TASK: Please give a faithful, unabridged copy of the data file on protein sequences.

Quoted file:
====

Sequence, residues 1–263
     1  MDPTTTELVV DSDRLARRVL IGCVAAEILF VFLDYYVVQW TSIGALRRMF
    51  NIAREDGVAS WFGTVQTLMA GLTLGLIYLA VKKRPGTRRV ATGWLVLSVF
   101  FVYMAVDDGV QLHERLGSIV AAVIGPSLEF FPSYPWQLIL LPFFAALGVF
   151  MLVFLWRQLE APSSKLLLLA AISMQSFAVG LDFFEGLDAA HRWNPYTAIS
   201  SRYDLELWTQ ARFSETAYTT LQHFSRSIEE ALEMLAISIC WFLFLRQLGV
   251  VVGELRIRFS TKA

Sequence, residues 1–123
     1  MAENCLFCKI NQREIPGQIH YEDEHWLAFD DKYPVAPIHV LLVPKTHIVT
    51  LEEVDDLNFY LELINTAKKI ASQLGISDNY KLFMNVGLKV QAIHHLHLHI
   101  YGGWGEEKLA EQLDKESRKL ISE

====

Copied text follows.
Sequence, residues 1–263
     1  MDPTTTELVV DSDRLARRVL IGCVAAEILF VFLDYYVVQW TSIGALRRMF
    51  NIAREDGVAS WFGTVQTLMA GLTLGLIYLA VKKRPGTRRV ATGWLVLSVF
   101  FVYMAVDDGV QLHERLGSIV AAVIGPSLEF FPSYPWQLIL LPFFAALGVF
   151  MLVFLWRQLE APSSKLLLLA AISMQSFAVG LDFFEGLDAA HRWNPYTAIS
   201  SRYDLELWTQ ARFSETAYTT LQHFSRSIEE ALEMLAISIC WFLFLRQLGV
   251  VVGELRIRFS TKA

Sequence, residues 1–123
     1  MAENCLFCKI NQREIPGQIH YEDEHWLAFD DKYPVAPIHV LLVPKTHIVT
    51  LEEVDDLNFY LELINTAKKI ASQLGISDNY KLFMNVGLKV QAIHHLHLHI
   101  YGGWGEEKLA EQLDKESRKL ISE